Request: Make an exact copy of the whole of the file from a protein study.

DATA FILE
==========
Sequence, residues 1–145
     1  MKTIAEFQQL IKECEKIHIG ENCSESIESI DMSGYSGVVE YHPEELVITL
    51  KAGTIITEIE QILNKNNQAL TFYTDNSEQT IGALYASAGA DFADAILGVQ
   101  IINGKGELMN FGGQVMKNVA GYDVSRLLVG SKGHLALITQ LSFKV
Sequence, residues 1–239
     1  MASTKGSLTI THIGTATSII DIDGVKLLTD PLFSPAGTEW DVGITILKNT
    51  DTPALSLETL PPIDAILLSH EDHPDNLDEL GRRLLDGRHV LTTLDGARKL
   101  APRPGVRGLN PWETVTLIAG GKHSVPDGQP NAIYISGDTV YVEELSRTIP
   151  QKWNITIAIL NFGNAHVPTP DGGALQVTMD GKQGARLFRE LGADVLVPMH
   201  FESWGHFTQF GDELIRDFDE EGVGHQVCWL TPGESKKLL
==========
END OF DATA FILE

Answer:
Sequence, residues 1–145
     1  MKTIAEFQQL IKECEKIHIG ENCSESIESI DMSGYSGVVE YHPEELVITL
    51  KAGTIITEIE QILNKNNQAL TFYTDNSEQT IGALYASAGA DFADAILGVQ
   101  IINGKGELMN FGGQVMKNVA GYDVSRLLVG SKGHLALITQ LSFKV
Sequence, residues 1–239
     1  MASTKGSLTI THIGTATSII DIDGVKLLTD PLFSPAGTEW DVGITILKNT
    51  DTPALSLETL PPIDAILLSH EDHPDNLDEL GRRLLDGRHV LTTLDGARKL
   101  APRPGVRGLN PWETVTLIAG GKHSVPDGQP NAIYISGDTV YVEELSRTIP
   151  QKWNITIAIL NFGNAHVPTP DGGALQVTMD GKQGARLFRE LGADVLVPMH
   201  FESWGHFTQF GDELIRDFDE EGVGHQVCWL TPGESKKLL